China boasts one of the world’s most important ancient civilizations, but still manages to maintain a ferociously progressive modern landscape. From ancient imperial dynasties that were housed in the Forbidden Palace to the tightly controlled communist regime of modern day China, the country has had a fascinating culture and history that demands attention from the outside world.
China is arguably the cradle of Asian civilization, as evidence of human settlements along the Yellow River Valley date back thousands of years. Early China was dominated by feudal lords and warring areas, including the Shang and Zhou dynasties, which were among the most famous early rulers of China.
The country became unified by its First Emperor, Qin Shi Huang, in 221 BC. Fifteen years later, China embraced a new dynasty led by Emperor Han, which rose to be the first golden age for the country. Standardized measurement, currency, written symbols, and the invention of significant products like paper and gunpowder helped China experience a period of rapid growth.
For nearly 2,000 years, an imperial system was used in China, until the fall of the Qing dynasty in 1911. This wasn’t an overnight surprise though, as decades prior to their demise colonial powers had begun to tear away parts of the vast empire, such as Hong Kong’s succession to the British, and Taiwan’s succession to Japan.
The Republic of China was founded in 1911 by Sun Yat-Sen, but turbulence followed as the Kuomintang (KMT) and Chinese Communist Party (CCP) initiated conflicts with each other. KMT eventually gained control of Eastern China and prior to the Second World War, industrialized, strengthened and globalized cities like Shanghai which quickly became Asia’s grandest metropolis.
During the war with Japan, China ceded much of its northern territory to the Japanese. Brutal massacres occurred, but with the combined KMT and CCP forces, plus allied assistance, China threw off Japanese occupation in 1945. Not out of the woods, civil war between the democratic and communist parties began almost immediately, lasting until 1949. The KMT were defeated and fled to Taiwan. Meanwhile, on mainland China, Mao Zedong’s communist party created the People’s Republic of China on October 1.
Despite an ‘up and down’ economy under Mao’s rule, China remains a communist state even today. Nevertheless, following President Mao’s death in 1978, new leaders began to establish Special Economic Zones and operate decentralized economic policies that helped cities like Shenzhen, Guangzhou and Shanghai develop into powerful market economies. Even though these areas make up the country’s strongest local economies, China is, politically and governmentally, one of the world’s strictest communist nations.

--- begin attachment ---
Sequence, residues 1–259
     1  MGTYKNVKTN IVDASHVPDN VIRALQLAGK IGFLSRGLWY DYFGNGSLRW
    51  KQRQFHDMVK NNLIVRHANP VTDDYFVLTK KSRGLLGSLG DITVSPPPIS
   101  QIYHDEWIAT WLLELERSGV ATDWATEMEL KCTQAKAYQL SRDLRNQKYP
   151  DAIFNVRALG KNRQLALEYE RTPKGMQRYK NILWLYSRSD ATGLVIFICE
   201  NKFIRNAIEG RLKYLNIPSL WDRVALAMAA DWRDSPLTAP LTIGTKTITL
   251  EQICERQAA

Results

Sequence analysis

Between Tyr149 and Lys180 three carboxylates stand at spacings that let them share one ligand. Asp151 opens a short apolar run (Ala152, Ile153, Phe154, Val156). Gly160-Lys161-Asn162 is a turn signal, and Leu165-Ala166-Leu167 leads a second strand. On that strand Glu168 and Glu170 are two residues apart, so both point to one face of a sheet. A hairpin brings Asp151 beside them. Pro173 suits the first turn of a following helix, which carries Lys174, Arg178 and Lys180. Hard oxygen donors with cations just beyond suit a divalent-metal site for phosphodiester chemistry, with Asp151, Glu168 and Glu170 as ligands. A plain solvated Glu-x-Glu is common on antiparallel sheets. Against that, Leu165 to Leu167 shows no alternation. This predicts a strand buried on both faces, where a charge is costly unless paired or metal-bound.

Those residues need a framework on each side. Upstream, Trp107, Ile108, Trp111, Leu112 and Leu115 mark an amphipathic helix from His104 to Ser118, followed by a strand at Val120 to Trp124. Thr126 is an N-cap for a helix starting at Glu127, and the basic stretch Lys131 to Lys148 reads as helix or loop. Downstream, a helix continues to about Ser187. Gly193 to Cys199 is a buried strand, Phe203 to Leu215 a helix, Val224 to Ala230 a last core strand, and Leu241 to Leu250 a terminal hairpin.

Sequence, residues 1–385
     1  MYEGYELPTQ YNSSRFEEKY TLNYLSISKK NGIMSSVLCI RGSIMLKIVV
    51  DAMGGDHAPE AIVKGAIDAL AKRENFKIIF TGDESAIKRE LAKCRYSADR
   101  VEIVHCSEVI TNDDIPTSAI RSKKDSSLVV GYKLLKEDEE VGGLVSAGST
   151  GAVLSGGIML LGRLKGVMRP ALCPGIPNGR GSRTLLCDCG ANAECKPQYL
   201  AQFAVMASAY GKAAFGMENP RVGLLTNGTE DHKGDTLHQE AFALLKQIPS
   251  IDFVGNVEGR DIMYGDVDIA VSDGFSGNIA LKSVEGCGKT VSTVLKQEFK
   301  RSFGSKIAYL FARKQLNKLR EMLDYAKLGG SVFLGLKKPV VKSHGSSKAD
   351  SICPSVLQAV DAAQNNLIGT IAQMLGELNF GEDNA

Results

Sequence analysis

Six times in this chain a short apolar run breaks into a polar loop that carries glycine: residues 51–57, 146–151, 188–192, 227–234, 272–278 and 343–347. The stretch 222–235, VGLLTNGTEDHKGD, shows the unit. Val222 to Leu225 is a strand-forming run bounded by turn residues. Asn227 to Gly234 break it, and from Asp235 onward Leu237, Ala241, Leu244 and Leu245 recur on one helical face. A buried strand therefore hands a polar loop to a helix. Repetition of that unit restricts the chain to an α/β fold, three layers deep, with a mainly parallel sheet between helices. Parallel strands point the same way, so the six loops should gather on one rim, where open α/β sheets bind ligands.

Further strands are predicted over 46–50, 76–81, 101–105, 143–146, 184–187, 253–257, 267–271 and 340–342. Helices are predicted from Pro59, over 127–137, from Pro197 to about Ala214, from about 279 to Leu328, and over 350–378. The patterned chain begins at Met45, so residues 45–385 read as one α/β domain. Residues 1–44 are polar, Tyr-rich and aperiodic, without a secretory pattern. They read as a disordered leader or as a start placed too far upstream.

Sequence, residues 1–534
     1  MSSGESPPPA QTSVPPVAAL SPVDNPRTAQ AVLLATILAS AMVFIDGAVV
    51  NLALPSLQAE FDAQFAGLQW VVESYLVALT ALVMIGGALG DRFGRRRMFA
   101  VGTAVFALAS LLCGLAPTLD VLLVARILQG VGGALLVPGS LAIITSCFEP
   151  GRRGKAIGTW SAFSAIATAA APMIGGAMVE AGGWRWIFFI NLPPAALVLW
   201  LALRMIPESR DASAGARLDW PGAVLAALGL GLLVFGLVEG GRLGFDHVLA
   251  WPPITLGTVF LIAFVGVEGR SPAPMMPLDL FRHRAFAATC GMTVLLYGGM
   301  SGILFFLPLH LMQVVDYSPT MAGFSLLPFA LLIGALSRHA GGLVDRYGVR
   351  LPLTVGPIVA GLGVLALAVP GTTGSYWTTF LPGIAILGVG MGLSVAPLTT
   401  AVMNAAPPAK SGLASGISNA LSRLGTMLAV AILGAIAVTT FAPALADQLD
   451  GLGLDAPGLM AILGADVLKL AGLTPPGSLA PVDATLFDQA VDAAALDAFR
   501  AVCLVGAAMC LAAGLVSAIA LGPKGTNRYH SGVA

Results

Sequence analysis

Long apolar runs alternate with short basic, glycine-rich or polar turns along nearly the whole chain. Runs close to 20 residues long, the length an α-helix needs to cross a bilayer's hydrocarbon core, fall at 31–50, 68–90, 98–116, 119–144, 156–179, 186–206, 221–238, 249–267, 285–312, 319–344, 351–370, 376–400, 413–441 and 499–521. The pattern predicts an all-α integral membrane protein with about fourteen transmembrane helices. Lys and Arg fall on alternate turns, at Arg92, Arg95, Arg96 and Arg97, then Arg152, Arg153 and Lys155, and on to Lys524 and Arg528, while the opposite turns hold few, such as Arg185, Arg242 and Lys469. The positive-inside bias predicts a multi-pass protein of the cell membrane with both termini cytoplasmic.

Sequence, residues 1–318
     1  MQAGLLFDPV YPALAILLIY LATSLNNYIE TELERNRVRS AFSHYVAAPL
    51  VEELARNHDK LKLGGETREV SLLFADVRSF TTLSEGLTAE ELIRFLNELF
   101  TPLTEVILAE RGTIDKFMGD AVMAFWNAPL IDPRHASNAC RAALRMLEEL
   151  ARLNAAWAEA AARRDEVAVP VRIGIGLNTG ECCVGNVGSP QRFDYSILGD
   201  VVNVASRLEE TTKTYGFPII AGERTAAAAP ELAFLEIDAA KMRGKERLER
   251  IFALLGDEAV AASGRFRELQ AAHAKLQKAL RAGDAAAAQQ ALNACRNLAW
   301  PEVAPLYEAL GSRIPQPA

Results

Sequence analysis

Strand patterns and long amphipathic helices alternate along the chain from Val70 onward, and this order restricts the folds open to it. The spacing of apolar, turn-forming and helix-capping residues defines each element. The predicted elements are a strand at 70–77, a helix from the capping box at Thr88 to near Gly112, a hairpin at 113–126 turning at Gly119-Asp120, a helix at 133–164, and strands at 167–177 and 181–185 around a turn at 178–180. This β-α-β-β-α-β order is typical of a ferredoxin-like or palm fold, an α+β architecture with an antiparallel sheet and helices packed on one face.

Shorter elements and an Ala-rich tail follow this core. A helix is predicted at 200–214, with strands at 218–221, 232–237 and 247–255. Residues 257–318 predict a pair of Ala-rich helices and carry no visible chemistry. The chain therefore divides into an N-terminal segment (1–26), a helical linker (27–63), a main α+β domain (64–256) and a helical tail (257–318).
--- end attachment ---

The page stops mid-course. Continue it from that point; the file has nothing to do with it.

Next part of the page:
Tourists will be able to find information about China’s history through numerous sites most of which are in Beijing. Explore the Forbidden City (4 Jingshan, Qianjie, Beijing 100009) to learn more about preceding dynasties, or take some time to see the National Museum (22 Xijiaomin Alley, Xicheng, Beijing). The Presidential Palace (Changjiang Road, Nanjing, Jiangsu) in Nanjing takes visitors back to China’s Nationalist government, which now thrives upon the island nation of Taiwan.
One of China’s most alluring aspects is its intriguing, unique culture. There are many branches of extravagance within the country, so tourists should set aside plenty of time to explore them all. Standing as one of the four ancient civilizations, China showcases an abundance of ancient skills including calligraphy, painting, music and martial arts. Even the much of the cuisine can be dated back to one of several dynastic rulers.
Kung Fu is commonly recognized throughout the globe, originating and still widely practiced within China. Chinese folk dancing and elaborate puppet shows have an important place in modern society too. Major festivals and holidays are renowned for hosting these ancient-origin cultural performances. Also, Chinese culture can be seen through the unique architectural designs of building design. Temples, palaces, pagodas, bell towers and more provide fascinating insights into the beauty of China.